Analyses of applied problems and the nature of public interest in them is used to motivate and strengthen the examination of the informational base of welfare economics and choice theory. Particular attention is paid to the neglect in traditional welfare economics of considerations other than utility, including freedoms, rights, and liberties, on the one hand, and also health and morbidity, in which the public take a prominent and direct interest. Similarly, the concentration of traditional rational choice theory on intelligent pursuit of self-interest leads to the neglect of other norms and values, such as loyalty, commitment, and fairness, which figure more prominently in public understanding of actual motives for action. These perceptual features require critical scrutiny and discriminating assessment in the light of their practical relevance as well as conceptual viability. The results of the theoretical investigations will be applied to the study of policy responses to global environmental change. Public discussions of environmental issues are often dominated by alleged violations of rights and entitlement, and also by fear of increased illness and death in addition to forecasts of economic disasters. These concerns sometimes serve as the basis of unifocal recommendations and fairly extreme solutions based on assessments involving the neglect of other aspects of the problem. This project accepts the legitimacy of these concerns and then links them with other concerns, with reasoned assessment of defendable trade-offs and relative weights. Public discussions of global warming are often much influenced by the rhetoric of equity and justice, e.g., between poor countries than cannot easily afford to pay for the proposed policies and rich ones that are seen as having an obligation to help. Since the gap between rhetoric and political feasibility can be quite large, it can lead to proposals that deflect discussion from what might really be possible to do. Equity considerations are important and will be integrated within a framework of rational assessment and informed political discussion, making them less ambitious but possibly more effective.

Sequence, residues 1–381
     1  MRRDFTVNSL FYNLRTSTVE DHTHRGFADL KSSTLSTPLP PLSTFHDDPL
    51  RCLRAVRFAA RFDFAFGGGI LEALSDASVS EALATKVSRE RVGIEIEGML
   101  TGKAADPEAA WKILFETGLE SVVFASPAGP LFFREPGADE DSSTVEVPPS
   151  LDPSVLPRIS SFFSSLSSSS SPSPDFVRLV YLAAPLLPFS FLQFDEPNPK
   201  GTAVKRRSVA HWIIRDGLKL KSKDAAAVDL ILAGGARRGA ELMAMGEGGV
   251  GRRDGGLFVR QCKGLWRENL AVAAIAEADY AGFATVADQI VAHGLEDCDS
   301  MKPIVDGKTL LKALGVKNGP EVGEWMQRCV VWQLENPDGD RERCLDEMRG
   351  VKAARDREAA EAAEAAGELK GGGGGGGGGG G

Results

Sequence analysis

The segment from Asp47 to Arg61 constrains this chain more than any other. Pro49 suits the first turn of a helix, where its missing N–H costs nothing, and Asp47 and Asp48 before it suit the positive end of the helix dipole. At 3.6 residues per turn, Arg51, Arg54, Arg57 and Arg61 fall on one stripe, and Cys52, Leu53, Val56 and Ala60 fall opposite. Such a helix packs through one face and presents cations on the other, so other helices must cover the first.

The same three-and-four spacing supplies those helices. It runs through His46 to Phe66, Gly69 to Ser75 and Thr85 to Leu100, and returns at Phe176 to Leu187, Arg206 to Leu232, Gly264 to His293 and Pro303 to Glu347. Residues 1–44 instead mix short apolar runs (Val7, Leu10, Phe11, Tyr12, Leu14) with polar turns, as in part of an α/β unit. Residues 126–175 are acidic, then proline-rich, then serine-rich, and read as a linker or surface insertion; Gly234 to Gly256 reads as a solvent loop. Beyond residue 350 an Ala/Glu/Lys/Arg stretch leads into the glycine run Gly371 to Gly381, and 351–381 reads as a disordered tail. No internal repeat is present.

National Science Foundation (NSF)
Division of Social and Economic Sciences (SES)
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Daniel H. Newlon
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Harvard University
United States
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